SEDATION-USE INFLUENCERS More than 750,000 patients in the U.S. receive mechanical ventilation in an intensive care unit each year. In 2002, published guidelines called for limiting the administration of sedative medications to mechanically ventilated patients because sedation can increase the time a patient is in the intensive care unit and increase the risk of a patient developing delirium, weakness and negative psychological outcomes. But nearly 20 years later, sedation practices have been slow to change. A team led by Dr. Jill Guttormson, associate professor, conducted a national survey of critical care nurses to learn nurses’ practices and attitudes toward sedative medication administration to mechanically ventilated patients on a breathing machine. Her study found that nurses’ attitudes influence how they sedate patients — attitudes about what it is like to be on the ventilator, what nurses would want if they were on the ventilator themselves, and the comfort of patients during mechanical ventilation.

“Understanding the nurses’ practices in sedative medication administration to this vulnerable population is integral to the successful integration of sedation guidelines in the intensive care unit through quality improvement and education of health care providers.” Guttormson says. “Nurses need training and support on how to facilitate a patient’s ability to communicate while on the ventilator and unable to speak, so they can understand and manage the source of patient discomfort or distress.” Guttormson’s survey research was published in the July 2019 American Journal of Critical Care, and a related story can be found on nurse.com.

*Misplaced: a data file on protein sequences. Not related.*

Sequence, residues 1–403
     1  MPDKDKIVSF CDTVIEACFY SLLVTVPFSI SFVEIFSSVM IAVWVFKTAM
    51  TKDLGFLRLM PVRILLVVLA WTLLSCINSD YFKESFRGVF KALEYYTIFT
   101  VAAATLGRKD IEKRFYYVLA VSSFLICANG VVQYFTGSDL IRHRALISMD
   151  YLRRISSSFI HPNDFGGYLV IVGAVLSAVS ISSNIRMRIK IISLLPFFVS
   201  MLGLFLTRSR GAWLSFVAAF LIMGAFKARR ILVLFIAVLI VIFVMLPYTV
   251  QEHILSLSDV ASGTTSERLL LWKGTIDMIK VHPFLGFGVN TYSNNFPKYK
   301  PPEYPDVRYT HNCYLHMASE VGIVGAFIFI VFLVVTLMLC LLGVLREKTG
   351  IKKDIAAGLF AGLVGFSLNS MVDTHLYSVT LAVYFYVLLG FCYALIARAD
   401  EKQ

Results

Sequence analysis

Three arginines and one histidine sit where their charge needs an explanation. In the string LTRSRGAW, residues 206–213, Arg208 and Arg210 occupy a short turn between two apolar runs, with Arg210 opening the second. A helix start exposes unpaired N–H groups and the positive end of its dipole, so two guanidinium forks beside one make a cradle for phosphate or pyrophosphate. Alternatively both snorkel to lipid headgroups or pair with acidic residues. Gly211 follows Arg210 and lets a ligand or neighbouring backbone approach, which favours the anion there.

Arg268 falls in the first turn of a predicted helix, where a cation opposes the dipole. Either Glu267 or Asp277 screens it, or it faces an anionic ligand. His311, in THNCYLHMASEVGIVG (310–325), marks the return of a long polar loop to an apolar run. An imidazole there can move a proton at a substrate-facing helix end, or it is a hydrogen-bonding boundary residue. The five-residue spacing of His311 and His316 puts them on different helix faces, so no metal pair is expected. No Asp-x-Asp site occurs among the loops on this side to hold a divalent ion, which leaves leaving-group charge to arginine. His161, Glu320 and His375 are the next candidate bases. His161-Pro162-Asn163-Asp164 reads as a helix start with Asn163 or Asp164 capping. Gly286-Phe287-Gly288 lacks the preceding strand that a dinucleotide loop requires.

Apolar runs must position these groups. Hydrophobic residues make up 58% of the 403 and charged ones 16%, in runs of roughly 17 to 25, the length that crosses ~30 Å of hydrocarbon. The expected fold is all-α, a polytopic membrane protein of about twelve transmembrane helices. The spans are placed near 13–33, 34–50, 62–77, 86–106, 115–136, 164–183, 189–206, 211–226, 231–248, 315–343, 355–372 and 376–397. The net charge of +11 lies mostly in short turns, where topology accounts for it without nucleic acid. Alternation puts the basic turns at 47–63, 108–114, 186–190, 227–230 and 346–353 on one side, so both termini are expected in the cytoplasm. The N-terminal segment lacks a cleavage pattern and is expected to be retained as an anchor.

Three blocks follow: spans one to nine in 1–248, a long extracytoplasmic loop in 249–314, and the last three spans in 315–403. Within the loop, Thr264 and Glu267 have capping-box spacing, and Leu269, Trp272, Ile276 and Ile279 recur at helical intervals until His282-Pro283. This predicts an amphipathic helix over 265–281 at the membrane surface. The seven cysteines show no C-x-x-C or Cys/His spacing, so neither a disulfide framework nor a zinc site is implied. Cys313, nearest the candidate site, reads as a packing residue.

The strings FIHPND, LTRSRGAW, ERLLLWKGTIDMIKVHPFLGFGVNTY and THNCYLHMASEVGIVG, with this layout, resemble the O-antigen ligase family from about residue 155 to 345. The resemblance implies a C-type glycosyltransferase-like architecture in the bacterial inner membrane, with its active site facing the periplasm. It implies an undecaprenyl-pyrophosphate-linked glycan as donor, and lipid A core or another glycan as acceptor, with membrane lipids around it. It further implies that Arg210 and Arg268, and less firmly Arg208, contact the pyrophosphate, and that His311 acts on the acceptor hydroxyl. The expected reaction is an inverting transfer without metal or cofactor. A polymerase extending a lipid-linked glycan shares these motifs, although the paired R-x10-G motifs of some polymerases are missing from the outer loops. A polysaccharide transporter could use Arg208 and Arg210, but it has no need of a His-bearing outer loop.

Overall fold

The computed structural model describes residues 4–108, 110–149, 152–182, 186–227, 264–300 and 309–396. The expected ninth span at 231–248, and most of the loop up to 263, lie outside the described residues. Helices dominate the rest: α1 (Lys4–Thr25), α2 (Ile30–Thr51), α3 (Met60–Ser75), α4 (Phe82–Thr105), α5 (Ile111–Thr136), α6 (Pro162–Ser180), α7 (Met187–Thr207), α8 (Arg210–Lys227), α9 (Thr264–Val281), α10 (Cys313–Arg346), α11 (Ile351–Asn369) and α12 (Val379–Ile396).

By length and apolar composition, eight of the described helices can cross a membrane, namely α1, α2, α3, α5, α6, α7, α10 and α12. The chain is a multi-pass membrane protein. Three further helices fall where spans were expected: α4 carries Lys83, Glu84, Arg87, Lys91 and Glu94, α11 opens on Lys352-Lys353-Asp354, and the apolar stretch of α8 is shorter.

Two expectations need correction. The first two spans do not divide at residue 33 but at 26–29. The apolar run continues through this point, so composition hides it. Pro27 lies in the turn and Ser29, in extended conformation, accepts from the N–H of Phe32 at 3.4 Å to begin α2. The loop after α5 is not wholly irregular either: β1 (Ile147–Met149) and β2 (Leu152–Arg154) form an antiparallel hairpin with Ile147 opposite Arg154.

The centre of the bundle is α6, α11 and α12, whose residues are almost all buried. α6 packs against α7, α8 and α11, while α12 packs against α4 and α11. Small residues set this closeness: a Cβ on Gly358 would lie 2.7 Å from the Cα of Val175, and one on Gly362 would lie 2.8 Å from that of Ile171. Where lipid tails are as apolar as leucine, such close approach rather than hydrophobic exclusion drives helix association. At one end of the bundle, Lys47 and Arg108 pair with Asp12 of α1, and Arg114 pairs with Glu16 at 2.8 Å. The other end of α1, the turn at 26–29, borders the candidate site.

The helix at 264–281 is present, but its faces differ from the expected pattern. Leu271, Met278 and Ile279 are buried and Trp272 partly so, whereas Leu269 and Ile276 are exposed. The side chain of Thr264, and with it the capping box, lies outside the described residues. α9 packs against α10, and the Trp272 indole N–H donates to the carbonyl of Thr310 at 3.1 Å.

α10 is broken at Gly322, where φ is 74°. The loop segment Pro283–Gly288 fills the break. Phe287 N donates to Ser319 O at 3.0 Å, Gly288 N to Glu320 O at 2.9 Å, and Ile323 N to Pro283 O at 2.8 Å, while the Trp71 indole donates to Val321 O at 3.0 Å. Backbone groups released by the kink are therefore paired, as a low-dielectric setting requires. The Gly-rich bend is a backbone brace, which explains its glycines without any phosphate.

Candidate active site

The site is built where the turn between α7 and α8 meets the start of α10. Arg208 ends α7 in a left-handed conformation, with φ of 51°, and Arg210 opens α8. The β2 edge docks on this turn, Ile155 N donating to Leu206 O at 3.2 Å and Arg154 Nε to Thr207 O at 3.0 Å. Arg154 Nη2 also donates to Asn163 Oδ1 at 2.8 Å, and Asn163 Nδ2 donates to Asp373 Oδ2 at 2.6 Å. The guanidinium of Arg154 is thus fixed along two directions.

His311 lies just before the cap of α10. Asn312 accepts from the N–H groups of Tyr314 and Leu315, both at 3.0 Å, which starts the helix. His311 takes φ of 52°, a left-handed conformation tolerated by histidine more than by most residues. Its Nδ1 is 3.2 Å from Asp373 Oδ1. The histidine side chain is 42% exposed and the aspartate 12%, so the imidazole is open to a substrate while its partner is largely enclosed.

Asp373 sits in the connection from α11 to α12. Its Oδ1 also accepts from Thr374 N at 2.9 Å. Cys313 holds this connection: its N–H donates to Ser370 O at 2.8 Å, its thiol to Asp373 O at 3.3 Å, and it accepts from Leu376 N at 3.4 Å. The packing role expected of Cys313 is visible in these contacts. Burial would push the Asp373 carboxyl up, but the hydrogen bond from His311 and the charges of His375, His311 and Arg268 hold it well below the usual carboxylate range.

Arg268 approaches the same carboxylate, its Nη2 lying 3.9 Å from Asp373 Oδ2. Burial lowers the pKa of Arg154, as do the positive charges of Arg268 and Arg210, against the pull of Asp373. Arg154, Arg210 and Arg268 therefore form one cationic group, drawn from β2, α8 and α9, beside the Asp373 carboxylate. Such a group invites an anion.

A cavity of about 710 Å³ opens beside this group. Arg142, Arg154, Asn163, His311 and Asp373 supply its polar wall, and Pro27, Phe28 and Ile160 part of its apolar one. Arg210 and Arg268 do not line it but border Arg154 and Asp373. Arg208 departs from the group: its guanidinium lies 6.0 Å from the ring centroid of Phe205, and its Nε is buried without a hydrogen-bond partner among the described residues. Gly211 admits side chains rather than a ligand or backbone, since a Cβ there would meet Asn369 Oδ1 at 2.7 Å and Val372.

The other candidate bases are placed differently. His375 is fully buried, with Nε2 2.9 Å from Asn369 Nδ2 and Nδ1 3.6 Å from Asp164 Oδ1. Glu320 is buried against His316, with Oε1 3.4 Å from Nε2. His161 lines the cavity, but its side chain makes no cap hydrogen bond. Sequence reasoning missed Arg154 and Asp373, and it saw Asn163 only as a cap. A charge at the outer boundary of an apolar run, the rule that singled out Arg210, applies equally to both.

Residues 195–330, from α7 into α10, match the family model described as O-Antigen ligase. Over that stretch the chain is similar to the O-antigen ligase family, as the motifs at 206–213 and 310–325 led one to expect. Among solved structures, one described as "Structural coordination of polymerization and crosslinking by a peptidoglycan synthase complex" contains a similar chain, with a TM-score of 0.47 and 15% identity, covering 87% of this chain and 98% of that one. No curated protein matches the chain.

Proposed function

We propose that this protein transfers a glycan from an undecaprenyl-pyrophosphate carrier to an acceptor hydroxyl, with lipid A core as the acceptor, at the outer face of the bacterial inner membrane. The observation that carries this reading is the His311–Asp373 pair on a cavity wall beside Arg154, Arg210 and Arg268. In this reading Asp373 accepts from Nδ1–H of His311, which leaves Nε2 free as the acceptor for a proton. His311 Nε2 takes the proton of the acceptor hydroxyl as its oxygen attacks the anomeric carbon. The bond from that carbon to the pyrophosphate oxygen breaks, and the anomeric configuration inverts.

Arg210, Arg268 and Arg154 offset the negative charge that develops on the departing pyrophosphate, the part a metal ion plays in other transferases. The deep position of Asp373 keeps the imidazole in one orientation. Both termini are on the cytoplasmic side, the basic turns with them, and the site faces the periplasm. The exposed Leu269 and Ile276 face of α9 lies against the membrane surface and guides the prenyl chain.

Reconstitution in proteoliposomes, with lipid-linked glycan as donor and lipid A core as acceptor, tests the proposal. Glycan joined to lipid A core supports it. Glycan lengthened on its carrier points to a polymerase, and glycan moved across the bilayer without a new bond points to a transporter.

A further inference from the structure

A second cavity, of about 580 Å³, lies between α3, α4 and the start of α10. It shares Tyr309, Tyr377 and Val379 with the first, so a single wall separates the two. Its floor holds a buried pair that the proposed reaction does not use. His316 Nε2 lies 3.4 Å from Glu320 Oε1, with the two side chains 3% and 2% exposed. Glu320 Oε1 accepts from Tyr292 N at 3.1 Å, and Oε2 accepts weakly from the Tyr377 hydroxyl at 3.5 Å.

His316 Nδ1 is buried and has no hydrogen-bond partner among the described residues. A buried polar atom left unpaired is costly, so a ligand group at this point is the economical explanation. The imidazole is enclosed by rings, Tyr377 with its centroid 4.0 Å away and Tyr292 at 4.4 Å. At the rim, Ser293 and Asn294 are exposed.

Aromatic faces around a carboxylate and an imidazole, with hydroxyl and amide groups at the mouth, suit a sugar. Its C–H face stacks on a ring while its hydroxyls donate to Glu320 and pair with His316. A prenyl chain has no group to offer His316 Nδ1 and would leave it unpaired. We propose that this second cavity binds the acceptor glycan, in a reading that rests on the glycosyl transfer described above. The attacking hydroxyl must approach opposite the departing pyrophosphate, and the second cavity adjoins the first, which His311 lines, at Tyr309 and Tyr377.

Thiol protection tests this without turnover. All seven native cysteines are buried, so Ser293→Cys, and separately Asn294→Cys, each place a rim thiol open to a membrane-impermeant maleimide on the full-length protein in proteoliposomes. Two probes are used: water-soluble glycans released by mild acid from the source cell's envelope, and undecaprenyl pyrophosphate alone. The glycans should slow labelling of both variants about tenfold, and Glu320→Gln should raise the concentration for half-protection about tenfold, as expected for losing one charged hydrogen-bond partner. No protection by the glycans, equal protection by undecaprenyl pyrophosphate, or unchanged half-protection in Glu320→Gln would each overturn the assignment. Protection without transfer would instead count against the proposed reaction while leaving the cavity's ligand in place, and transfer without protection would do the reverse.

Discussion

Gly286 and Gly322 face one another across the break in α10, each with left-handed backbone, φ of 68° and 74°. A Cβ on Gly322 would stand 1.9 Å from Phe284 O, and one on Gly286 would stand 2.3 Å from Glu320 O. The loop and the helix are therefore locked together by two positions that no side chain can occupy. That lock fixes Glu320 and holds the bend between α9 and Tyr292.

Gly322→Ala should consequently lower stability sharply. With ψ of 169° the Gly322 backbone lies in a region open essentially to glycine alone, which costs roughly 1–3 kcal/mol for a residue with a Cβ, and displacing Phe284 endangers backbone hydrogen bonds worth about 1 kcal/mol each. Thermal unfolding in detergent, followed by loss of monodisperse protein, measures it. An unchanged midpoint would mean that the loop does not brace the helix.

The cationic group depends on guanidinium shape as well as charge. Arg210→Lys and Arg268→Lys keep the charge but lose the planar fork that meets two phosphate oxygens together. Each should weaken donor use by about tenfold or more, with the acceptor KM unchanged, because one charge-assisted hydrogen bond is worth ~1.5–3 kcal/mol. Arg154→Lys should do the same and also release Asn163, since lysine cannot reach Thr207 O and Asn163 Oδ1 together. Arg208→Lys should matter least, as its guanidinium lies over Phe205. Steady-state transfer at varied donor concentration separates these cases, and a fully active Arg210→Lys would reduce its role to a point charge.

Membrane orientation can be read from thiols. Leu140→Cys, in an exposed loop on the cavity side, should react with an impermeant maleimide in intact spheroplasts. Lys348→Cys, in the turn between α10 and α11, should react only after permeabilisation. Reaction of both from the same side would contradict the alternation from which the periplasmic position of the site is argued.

STUDYING PARENTS’ WELL-BEING In 2018 the Centers for Disease Control and Prevention released a study that estimated 1 in 59 children has been identified with autism spectrum disorder, or ASD, a developmental disability defined by diagnostic criteria that include social communication and interaction deficits, and the presence of restricted, repetitive patterns of behavior, interests or activities that can persist throughout life. While interventions for children with ASD have slowly increased in the past decade, most of them focus solely on the child, not the parents. Dr. Norah Johnson, associate professor, Grad ’01, ’09, is interested in learning how the behaviors of children with ASD are linked to parent health outcomes because her previous research found parents are at risk of poor well-being based on their child’s challenging behaviors. Her most recent research includes two pilot interventions to improve the psychological and physical health of caregiving parents of persons with ASD. One study this past summer focused on teaching children with ASD how to swim and another brought parents together for a group exercise class. “We saw improvements in parental well-being and perceptions of their child’s challenging behaviors in the swim study,” says Johnson, who worked on the study with Dr. Abir Bekhet, associate professor, and Dr. Mauricio Garnier-Villareal, research assistant professor. The group exercise study, conducted by an interdisciplinary faculty and graduate student team, is still in a data-collection phase. The team has collected baseline physical and psychological health data on 36 parents and offered a group exercise class for 10 parents over nine weeks at Marquette’s Athletic and Human Performance Research Center to compare well-being between the two populations. “After analyzing all the research, we anticipate developing a plan to submit for external funding for a family intervention for caregiving parents of children with ASD,” Johnson says.